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February, 2011:

8 ways to curb air pollution

South China Morning Post — 18th Feb. 2011

Poor visibility in Hong Kong is mainly caused by photochemical smog.

Under sunlight, volatile organic compounds react with nitrogen oxides to form ozone, which in turn helps in the formation of fine particulates.

The accumulation of ozone, fine particulates and other gaseous pollutants results in photochemical smog.

Smog is harmful to our health, especially for senior citizens and children.

Nitrogen oxides are released when nitrogen and oxygen in the air react together under high temperature, such as in the exhaust of fossil-fuel vehicles and power stations.

Volatile organic compounds are released from sources such as petrol, paints and solvents.

The most effective way to have better visibility in Hong Kong is to curb emissions of both.

What Hong Kong can do locally is: (1) rationalise bus routes; (2) phase out all commercial diesel vehicles and buses of early Euro standards; (3) widen use of electric vehicles; (4) introduce vehicle congestion charges in commercial business districts; (5) make use of low-sulphur diesel mandatory for all vessels entering Hong Kong waters; (6) replace town gas with natural gas for cooking and heating; (7)restrict use of coal to less than 20 per cent of the fuel mix for power generation; and (8) extend the coverage of building energy efficiency regulations to all commercial buildings.

Given that air quality in Hong Kong is significantly subject to cross-border influence, it is imperative that the Guangdong provincial government also align itself with the best practices in the world to curb emissions from its power, transport and industrial sectors.

China bets on thorium

Original URL:

Brand new nuclear programme within 20 years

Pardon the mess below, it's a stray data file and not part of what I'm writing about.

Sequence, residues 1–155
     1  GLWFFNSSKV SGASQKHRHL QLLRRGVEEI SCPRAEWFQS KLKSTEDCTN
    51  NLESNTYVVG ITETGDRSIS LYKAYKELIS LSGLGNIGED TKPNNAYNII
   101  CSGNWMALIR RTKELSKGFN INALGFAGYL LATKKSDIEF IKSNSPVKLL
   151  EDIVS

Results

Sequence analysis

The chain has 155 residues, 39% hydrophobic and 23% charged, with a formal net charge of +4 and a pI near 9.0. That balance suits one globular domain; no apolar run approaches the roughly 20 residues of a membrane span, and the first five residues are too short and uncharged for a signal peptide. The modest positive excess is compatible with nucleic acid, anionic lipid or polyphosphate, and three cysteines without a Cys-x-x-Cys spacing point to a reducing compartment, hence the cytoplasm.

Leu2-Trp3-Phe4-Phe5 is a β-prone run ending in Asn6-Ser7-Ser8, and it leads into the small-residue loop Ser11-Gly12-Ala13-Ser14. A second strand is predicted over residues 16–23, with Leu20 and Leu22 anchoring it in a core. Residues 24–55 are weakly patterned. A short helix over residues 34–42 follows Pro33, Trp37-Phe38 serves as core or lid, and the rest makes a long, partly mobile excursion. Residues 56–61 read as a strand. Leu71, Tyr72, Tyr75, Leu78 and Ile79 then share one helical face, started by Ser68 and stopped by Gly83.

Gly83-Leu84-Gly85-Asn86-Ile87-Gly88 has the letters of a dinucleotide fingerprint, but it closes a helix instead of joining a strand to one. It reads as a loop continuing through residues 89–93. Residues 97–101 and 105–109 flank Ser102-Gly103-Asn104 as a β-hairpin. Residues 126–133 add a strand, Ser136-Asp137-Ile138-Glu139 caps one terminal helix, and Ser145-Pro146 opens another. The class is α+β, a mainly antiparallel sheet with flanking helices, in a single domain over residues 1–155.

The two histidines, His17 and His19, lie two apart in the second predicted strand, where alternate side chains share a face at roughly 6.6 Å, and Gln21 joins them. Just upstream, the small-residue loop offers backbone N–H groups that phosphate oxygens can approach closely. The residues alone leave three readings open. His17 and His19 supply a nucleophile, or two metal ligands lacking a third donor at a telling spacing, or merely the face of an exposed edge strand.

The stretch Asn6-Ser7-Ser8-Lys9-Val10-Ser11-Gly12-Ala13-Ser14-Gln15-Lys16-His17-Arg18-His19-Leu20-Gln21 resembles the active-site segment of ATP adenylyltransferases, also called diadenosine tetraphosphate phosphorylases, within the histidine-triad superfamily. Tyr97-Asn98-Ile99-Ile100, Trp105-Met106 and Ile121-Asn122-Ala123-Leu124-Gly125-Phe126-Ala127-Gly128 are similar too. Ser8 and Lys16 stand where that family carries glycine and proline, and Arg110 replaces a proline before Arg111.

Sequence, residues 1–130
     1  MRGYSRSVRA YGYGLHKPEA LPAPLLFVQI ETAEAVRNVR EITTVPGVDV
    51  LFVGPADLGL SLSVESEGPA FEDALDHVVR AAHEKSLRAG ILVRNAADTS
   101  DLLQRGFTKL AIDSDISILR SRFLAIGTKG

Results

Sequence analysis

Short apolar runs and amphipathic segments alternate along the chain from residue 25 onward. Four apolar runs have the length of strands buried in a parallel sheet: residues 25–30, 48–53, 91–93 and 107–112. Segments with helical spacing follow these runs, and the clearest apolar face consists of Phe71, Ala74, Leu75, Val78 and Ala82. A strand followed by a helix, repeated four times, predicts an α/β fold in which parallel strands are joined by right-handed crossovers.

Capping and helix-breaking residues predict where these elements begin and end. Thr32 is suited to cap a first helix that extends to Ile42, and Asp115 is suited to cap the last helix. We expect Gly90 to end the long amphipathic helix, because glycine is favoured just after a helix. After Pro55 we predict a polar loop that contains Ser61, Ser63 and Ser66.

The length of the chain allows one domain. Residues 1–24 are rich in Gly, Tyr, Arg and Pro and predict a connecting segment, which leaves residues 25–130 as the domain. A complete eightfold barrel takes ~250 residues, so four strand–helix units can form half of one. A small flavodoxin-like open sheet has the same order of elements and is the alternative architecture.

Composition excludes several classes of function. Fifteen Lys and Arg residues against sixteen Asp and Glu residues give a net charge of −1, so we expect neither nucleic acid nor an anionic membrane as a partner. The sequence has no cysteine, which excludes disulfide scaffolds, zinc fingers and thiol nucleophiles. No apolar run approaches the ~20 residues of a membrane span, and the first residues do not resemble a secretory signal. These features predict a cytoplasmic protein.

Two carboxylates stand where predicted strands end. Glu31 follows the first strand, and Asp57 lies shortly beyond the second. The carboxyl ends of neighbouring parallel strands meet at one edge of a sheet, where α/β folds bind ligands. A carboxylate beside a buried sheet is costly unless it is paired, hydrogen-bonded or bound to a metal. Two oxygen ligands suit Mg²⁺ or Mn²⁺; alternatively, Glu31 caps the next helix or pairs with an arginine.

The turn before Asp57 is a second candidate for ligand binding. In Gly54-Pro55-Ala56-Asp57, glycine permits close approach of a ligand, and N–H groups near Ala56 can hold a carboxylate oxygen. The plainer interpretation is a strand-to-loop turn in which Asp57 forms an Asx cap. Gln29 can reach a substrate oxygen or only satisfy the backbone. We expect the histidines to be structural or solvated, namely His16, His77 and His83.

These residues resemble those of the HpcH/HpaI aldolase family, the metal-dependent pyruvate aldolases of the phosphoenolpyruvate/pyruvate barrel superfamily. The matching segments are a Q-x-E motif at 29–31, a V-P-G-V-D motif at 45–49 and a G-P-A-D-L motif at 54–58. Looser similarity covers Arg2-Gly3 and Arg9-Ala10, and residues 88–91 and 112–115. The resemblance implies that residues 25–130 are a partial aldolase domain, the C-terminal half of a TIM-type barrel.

China has committed itself to establishing an entirely new nuclear energy programme using thorium as a fuel, within 20 years. The LFTR (Liquid Fluoride Thorium Reactor) is a 4G reactor that uses liquid salt as both fuel and coolant. China uses the more general term TMSR (Thorium Molten-Salt Reactor).

The thorium fuel cycles produce almost no plutonium, and fewer higher-isotope nasties, the long-lived minor actinides. Thorium is much more abundant than uranium, and the reduced plutonium output eases proliferation concerns. The energy output per tonne is also attractive, even though thorium isn’t itself a fissile material.

Thorium reactors are also safer, with the fuel contained in a low-pressure reactor vessel, which means smaller (sub-500MWe) reactors may be worth building. The first Molten-Salt Breeder prototype was built at Oak Ridge in 1950, with an operational reactor running from 1965 to 1969. Six heavy-water thorium reactors are planned in India, which has the world’s largest thorium deposits.

The design has also had its champions in Europe, but planning restrictions and a continent-wide policy obsession with conservation and renewables have seen little commercial action. But that might change.

A private company founded by Kazuo Furukawa, designer of the Fuju reactor, called International Thorium Energy & Molen-Salt Technology Inc (iThEMS [1]) aims to produce a small (10KW) reactor within five years. Furukawa is aiming for a retail price of 11 US cents per kWh (6.8p per kWh). Just to put that into perspective, the UK’s feed-in tariff ranges from 34.5p/kWh for a small wind turbine to 41.3p/kWh for a retro-fitted solar installation, making a personal LFTR much more attractive than an additional garage. Just tell them you’ve got an enormous solar panel.

There’s a good 15-minute introduction to LFTR, here. WARNING: contains technical terms and scientific concepts. Renewable energy supporters may wish to meditate before and after viewing.